ST. LOUIS, MO.-
In January 2010, the Contemporary Art Museum St. Louis
presents a new exhibition by American artist Stephen Prina. For thirty-years, Prina has played with the role of the artwork within cultural, art-historical, institutional, and personal networks. While his practice encompasses painting, installation, photography, and film, he has also released over a dozen music albums under his own name and as part of the band The Red Krayola. Having kept his artistic interests separate from his musical pursuits for decades, Prina has recently begun experimenting with new combinations and relationshipsas he explores personal and public eulogies, and the relationship between artistic intentions and the afterlife of objects.
The exhibitions namesake is shorthand for the artists newestand most complexmusical score to date. Appropriating Anton Weberns Koncerto Opus 24 for Nine Instruments, Prina re-inserts his own pop songs and covers from the last fifteen years. An eleven-musician score in three movements, Koncerto for Modern, Movie and Pop Music for Ten Instruments and Voice (2009) represents a powerful poetic metaphor for the cross-pollination of personal, art historical, and musical narratives that have long suffused Prinas practice.
At the Contemporary, Prina presents a new suite of monochrome paintings on window blinds, a continuation of his ongoing series of diptychs titled "Exquisite Corpse: The Complete Paintings of Manet" (1988-2008), and a recent room installationarranged though Prinas lens into a system of fragmentations and reveals. The artist has long taken the position that past is never really distinguished from presentthat history is always relevantand that the specter of Modernism continues to surface. Coupling his monochrome blinds, suspended from the museums grand-scaled performance gallery, with what he calls a movable stage spectacle in a large adjacent gallery, Prina orchestrates a taxonomy of his art that, at its heart, reveals an attention to the consonant spaces of painting, film, architecture, and music.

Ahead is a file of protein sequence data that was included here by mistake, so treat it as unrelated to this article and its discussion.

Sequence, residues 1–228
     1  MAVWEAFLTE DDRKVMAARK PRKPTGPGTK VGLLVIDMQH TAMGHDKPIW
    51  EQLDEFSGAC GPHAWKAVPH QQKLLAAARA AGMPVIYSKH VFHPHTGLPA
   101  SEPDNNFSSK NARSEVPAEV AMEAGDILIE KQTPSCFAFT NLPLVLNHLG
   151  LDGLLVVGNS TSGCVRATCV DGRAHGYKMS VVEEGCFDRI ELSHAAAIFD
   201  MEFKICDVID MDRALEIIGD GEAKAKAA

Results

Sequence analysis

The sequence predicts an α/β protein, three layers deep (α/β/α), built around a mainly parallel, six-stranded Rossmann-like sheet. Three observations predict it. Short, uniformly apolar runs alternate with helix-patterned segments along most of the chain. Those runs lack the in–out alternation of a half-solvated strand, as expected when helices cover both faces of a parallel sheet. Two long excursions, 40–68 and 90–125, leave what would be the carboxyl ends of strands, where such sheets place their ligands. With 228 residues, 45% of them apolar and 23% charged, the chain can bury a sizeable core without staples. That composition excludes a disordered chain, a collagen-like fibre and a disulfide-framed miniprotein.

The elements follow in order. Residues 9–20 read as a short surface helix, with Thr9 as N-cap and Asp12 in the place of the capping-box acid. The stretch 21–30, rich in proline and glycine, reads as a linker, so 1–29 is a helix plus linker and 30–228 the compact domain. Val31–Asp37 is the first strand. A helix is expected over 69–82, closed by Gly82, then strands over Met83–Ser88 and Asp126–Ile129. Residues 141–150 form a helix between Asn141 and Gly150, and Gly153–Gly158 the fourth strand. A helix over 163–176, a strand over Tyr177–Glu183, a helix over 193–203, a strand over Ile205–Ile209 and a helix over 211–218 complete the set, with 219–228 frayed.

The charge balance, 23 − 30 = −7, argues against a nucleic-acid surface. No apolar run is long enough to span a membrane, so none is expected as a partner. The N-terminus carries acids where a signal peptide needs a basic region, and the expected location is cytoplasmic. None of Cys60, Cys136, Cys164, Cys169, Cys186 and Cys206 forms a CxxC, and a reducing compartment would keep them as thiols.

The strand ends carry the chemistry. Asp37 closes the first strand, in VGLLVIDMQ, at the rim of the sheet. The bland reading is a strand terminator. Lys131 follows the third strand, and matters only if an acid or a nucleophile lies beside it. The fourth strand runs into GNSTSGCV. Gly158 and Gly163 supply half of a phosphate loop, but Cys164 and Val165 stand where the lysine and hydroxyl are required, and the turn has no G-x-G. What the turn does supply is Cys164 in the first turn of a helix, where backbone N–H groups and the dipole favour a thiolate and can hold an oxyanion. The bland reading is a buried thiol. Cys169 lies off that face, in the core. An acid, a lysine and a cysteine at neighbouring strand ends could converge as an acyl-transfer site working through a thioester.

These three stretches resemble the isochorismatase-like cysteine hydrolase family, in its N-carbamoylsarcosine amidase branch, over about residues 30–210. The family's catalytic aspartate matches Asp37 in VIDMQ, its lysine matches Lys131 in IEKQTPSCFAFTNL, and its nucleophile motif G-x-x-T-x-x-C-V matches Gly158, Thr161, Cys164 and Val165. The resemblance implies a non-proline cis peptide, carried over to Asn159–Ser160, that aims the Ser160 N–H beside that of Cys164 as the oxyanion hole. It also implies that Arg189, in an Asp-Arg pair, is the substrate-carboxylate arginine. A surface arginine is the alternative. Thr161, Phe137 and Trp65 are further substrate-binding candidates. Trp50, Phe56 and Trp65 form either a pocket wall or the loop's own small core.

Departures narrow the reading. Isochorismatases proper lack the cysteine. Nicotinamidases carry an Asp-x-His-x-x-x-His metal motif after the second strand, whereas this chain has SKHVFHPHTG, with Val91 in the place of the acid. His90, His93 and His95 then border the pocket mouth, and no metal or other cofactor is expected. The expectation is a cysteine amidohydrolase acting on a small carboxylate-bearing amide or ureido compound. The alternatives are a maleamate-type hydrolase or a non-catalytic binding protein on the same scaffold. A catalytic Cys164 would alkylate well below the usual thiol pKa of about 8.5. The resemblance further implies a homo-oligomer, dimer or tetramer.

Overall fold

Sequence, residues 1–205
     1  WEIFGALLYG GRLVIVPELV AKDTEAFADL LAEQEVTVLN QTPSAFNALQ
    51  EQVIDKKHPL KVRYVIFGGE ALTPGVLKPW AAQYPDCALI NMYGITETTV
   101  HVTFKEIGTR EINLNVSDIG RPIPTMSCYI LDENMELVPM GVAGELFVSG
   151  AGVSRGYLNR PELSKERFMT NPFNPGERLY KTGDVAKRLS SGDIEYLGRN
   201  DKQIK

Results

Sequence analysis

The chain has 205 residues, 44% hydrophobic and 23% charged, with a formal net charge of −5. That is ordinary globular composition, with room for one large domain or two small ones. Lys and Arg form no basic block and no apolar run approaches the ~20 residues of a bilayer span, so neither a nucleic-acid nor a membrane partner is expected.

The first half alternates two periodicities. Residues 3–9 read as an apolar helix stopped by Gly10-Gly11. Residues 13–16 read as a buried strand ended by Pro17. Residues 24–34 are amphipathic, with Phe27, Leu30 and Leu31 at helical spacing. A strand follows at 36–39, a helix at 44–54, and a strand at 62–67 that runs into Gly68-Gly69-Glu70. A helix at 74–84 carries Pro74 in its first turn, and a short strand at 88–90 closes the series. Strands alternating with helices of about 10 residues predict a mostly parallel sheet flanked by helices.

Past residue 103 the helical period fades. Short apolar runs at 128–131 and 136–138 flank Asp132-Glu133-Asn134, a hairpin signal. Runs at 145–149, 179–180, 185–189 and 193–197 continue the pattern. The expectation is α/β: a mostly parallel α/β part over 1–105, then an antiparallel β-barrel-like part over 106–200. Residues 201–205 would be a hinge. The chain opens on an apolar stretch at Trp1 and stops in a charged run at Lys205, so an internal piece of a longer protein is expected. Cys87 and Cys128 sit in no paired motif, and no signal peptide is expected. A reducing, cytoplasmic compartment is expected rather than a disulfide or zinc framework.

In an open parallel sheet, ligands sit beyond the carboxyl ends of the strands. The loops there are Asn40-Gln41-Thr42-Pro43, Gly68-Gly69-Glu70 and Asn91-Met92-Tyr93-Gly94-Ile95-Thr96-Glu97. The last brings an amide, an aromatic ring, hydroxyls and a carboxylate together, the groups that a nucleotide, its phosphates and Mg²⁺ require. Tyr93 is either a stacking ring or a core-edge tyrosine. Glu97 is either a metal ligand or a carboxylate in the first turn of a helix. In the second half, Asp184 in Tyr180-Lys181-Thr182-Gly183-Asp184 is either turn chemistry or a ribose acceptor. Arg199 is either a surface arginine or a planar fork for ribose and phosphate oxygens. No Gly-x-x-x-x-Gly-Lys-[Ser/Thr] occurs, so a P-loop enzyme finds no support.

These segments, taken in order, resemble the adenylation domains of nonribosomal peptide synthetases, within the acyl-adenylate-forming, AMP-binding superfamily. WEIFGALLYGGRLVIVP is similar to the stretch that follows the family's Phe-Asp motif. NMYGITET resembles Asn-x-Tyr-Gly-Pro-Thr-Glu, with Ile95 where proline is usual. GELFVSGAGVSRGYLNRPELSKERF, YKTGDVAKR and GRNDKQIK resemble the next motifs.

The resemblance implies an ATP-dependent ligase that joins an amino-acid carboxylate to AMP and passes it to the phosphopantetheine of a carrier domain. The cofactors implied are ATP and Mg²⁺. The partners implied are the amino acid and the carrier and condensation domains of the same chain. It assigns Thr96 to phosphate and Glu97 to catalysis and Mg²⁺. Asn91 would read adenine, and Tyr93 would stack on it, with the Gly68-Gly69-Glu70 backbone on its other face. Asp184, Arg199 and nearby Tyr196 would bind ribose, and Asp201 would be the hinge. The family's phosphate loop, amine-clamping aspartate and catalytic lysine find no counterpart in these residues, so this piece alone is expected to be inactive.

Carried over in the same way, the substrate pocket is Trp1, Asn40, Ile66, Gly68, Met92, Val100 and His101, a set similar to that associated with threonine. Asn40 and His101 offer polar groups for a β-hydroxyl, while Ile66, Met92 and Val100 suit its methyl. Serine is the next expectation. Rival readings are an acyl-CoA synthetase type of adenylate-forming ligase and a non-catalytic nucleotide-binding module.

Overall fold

Stephen Prina (born in 1954 in Galesburg, Illinois) has since the early eighties exhibited in galleries and museums worldwide. Surveys of his work have been presented at Museum Boijmans-van Beuningen Rotterdam; Frankfurter Kunstverein; Staatliche Kunsthalle Baden-Baden; and Centro Andaluz de Arte Contemporaeno, Sevilla. One-person exhibitions have been mounted at Kunsthall Bergen, Art Pace, San Antonio; Museé dart Moderne et Contemporain, Geneva; P.S.1 Museum, New York; The Power Plant, Toronto; The Renaissance Society at the University of Chicago; as well as in Los Angeles, Cologne, Düsseldorf, London, Paris, Seoul, and Vienna. He has participated in Documenta IX, Venice Biennale XLIV, 51st Carnegie International, the 2008 Whitney Biennial, and in group exhibitions at Museum of Modern Art, New York, and Museum of Contemporary Art, Los Angeles. His concerts of have been staged in venues around the world and recordings are available on the Drag City and organ of corti record labels. Prina lives and works in Los Angeles and Cambridge, where he is Professor of Visual and Environmental Studies at Harvard University. He is represented by Galerie Gisela Capitain, Cologne, and Friedrich Petzel Gallery, New York.